Frequently Asked Questions

We get a lot of questions from faculty interested in adopting the Discovering the Art of Mathematics (DAoM) approach into their Mathematics for Liberal Arts (MLA) and other general education classes. If your question is not answered below, please contact us. We're happy to hear from faculty and will do our best to answer your questions.

Yes, the eleven books and all of the associated materials are free for educational use. You can copy them for your students or simply have them downolad the .pdf files.

How do you think your MLA students feel? They have the opposite worry. The connections are build into the materials. You can learn more about the connections to their field in parallel as they learn the mathematics. Please read also our math for liberals arts audience blog .

All? MLA students are typically not going into another mathematics course, so there is not really a set curriculum that needs to be covered. In a given course it is important to have goals and to have students work hard, but is there any urgency for a a specific curricular point of arrival for this audience?

Certainly. There are significant limitations, just as there are with any other pedagogical approach. MLA are typically single semester, terminal courses. As a teacher you have one shot, one semester/quarter to do something significant. Other courses are part of a continuum where specific curricula, skills and abilities are expected to be reached in specific courses. This needs may be at odds with the structured, guided discovery approach used here. For MLA courses, this approach is remarkably effective for its particular audience.

It is a pragmatic, practical version of constructivism tailored to the specific needs, interests, and abilities of MLA students.

These are quite important areas. They should be regular parts of the K-16 curriculum. However, if, as part of a general education college-level course, you are doing straight remediation, if you are reviewing for the umpteenth time, doing financial mathematics that these students have been exposed to many times previously, we urge you to ask yourself a few questions: Do you really think the students will learn this time? Is there that much value that they might get out of the experience, or could something more beneficial be done?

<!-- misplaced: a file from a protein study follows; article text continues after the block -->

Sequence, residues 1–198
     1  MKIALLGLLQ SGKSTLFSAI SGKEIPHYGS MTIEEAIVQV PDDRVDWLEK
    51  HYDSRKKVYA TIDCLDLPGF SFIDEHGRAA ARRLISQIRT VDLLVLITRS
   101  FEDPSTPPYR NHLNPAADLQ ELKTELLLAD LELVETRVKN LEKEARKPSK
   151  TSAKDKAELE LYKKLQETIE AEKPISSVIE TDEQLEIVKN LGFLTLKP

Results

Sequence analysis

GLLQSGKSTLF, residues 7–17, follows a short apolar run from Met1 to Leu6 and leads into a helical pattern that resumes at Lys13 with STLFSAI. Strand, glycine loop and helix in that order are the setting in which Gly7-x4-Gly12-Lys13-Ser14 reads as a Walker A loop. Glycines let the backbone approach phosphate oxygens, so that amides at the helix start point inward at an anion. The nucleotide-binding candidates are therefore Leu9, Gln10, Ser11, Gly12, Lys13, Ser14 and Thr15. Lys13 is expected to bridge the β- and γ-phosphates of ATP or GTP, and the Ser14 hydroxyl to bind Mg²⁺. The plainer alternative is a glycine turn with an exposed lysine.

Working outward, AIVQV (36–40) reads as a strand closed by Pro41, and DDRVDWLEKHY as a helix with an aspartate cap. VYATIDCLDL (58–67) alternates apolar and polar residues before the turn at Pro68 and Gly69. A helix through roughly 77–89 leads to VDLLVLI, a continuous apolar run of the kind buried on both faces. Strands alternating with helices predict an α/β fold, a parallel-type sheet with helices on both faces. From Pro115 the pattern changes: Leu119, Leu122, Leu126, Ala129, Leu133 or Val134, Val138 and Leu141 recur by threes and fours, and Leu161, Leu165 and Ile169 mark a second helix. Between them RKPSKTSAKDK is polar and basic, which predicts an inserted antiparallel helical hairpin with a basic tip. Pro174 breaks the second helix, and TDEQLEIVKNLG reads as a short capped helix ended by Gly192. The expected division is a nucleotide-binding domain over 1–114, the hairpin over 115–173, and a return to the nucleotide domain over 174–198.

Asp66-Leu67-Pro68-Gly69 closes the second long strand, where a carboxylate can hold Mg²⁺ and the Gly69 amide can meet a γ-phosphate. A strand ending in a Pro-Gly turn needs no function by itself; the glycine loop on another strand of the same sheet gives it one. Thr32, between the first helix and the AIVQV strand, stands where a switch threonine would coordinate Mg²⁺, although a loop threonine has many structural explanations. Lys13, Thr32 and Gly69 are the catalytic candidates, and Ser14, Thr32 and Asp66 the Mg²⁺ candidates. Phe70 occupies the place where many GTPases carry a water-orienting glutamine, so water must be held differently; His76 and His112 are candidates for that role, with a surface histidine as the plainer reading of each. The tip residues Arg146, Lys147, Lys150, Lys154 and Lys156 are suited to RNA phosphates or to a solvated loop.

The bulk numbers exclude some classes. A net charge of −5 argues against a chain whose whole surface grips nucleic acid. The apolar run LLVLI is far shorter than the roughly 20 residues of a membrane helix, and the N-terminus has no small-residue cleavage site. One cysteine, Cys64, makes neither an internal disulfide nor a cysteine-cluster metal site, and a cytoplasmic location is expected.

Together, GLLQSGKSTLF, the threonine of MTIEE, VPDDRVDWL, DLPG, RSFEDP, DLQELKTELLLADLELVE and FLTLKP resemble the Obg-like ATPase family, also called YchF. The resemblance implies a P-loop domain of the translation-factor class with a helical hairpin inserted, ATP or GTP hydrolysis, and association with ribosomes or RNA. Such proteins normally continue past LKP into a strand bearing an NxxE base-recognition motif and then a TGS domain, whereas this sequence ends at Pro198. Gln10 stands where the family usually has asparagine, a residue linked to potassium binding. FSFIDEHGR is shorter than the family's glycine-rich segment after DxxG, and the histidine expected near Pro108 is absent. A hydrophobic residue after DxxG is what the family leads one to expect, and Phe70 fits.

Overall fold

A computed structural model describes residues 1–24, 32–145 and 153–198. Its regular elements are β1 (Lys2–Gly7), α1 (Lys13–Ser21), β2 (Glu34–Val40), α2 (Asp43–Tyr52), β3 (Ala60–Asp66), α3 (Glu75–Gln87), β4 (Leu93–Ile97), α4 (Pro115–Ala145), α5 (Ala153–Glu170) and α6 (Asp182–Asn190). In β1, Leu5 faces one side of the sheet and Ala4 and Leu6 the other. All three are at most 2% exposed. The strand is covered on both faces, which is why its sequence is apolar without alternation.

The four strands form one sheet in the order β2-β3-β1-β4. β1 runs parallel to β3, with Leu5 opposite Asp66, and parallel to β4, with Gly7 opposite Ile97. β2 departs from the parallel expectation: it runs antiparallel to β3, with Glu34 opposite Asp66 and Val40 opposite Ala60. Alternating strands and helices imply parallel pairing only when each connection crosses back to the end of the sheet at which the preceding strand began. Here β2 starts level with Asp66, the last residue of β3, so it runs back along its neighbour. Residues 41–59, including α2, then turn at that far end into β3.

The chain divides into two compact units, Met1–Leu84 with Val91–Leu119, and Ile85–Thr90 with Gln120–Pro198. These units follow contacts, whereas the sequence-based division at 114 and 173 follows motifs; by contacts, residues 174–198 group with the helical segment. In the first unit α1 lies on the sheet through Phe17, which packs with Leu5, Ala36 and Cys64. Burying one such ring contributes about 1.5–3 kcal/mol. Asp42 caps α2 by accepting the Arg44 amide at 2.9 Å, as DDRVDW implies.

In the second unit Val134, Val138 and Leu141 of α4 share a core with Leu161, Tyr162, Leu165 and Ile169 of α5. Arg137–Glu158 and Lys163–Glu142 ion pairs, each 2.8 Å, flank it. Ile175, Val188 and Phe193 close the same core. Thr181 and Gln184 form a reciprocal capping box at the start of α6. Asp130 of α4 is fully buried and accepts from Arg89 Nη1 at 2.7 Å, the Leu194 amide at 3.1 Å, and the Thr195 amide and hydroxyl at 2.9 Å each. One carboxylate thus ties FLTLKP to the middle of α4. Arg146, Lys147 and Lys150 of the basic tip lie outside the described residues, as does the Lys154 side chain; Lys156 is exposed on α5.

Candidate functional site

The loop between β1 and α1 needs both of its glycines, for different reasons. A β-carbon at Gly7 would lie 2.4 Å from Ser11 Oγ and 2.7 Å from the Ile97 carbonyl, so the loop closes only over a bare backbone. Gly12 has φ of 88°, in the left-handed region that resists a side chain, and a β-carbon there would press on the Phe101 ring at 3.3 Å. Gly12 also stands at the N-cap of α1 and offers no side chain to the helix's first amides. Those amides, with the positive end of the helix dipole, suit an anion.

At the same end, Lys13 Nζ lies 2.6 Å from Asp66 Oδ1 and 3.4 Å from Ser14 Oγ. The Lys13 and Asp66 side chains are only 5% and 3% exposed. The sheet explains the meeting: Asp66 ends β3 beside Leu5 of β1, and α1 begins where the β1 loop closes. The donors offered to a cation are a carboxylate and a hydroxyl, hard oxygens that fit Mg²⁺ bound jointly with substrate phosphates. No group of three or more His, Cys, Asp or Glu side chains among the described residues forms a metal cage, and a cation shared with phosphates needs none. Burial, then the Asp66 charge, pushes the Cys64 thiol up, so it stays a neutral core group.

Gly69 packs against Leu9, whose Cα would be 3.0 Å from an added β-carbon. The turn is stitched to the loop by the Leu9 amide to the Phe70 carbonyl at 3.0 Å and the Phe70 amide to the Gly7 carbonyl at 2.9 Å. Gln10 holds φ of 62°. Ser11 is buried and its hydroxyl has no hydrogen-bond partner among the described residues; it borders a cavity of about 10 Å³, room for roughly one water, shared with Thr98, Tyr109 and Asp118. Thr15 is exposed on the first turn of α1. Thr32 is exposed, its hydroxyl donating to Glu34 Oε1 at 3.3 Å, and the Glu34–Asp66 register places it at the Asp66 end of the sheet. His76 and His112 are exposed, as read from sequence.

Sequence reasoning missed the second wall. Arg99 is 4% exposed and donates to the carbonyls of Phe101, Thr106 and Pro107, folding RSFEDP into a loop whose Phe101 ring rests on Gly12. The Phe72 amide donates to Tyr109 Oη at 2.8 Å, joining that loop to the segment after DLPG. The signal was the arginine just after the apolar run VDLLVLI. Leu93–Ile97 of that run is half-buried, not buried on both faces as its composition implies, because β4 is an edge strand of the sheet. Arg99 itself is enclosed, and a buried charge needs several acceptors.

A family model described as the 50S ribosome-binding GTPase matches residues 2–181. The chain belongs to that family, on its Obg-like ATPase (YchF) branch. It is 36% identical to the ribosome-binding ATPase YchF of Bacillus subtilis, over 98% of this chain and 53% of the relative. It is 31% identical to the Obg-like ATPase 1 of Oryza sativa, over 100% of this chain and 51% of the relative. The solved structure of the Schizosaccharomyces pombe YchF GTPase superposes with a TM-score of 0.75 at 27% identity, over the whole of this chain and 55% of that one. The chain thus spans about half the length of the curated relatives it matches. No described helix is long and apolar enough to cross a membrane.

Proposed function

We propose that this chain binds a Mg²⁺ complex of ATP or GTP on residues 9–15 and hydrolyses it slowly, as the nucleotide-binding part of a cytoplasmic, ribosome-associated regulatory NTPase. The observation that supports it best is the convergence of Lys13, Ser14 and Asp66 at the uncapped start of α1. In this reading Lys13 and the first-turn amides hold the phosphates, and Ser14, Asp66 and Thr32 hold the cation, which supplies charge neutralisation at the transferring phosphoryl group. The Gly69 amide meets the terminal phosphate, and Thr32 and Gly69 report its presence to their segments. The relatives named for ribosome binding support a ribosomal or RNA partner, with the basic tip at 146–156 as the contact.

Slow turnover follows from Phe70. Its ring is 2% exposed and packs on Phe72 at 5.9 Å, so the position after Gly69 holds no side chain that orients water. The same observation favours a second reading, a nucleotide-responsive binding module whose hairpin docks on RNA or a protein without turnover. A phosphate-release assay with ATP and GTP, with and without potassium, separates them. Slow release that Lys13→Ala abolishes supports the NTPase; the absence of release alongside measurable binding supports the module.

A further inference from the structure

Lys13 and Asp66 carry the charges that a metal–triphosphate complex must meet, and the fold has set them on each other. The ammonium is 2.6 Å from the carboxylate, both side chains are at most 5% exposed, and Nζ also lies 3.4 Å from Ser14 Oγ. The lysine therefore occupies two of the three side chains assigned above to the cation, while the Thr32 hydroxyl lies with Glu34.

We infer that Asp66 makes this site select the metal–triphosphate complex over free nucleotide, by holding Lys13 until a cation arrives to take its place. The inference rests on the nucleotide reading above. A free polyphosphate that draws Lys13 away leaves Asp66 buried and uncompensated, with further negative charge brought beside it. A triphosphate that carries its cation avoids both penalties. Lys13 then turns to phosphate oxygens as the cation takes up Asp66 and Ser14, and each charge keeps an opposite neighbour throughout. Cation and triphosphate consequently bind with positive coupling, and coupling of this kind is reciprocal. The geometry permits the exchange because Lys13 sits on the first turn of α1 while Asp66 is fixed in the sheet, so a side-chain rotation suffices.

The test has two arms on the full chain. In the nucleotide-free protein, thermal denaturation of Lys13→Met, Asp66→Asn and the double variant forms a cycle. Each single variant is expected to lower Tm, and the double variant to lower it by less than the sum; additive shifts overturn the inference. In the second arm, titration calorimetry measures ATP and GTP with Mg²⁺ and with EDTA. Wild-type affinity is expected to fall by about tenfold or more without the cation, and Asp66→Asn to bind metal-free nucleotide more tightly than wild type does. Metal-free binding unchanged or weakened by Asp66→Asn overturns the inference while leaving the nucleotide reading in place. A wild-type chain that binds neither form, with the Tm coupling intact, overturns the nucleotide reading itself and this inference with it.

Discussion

Two answers in the words of others are below. We also refer those interested to read the short, wonderful, provocative book A Mathematician's Lament by Paul Lockhart.

College students study the best paintings, the most glorious music, the most influential philosophy, and the greatest literature of all time. Mathematics departments can compete on that elevated playing field by offering and making accessible to all students intriguing and powerful mathematical ideas… Indeed, these courses [general education and introductory mathematics courses] should be developed and offered with the philosophy that the mathematical component of every student’s education will contain some of the most profound and useful ideas that the student learns in college. (Committee on the Uundergraduate Program in Mathematics, 2004, p. 28)

Almost everyone knows that mathematics serves the very practical purpose of dictating engineering design. Fewer people seem to be aware that mathematics carries the main burden of scientific reasoning and is the core of the major theories of physical science. It is even less widely known that mathematics has determined the direction and content of philosophical thought, has destroyed and rebuilt religious doctrine, has supplied substance to economics and political theories, has fashioned major painting, musical, architectural, and literary styles, has fathered our logic, and has furnished the best answers we have to fundamental questions about the nature of man and his universe... Finally, as an incomparably fine human achievement mathematics offers satisfactions and aesthetic values at least equal to those offered by any other branch of our culture. Despite these by no means modest contributions to our life and thought, educated people almost universally reject mathematics as an intellectual interest. (Morris Kline, from Mathematics in Western Culture, 1953)

In explorations with our students over that past decade we have found inspiration in these eleven areas. So we have sought to share materials with others so they can explore with their students.

A typical MLA text has about 10 chapters, and rarely are more than a few covered. So DAoM is not so different. Practically, this gives you the option to change things up from semester to semester. You have choices.

Yes, because it is not A curriculum. It is a wealth of vehicles to help bring inquiry-based learning and fundamental mathematical connections to the libearl arts and humanities into classrooms. We call the collection of books a library because we hope that they are used by others AND because we hope they will enable others to put together additional materials that involve MLA in the mathematical experience in positive ways.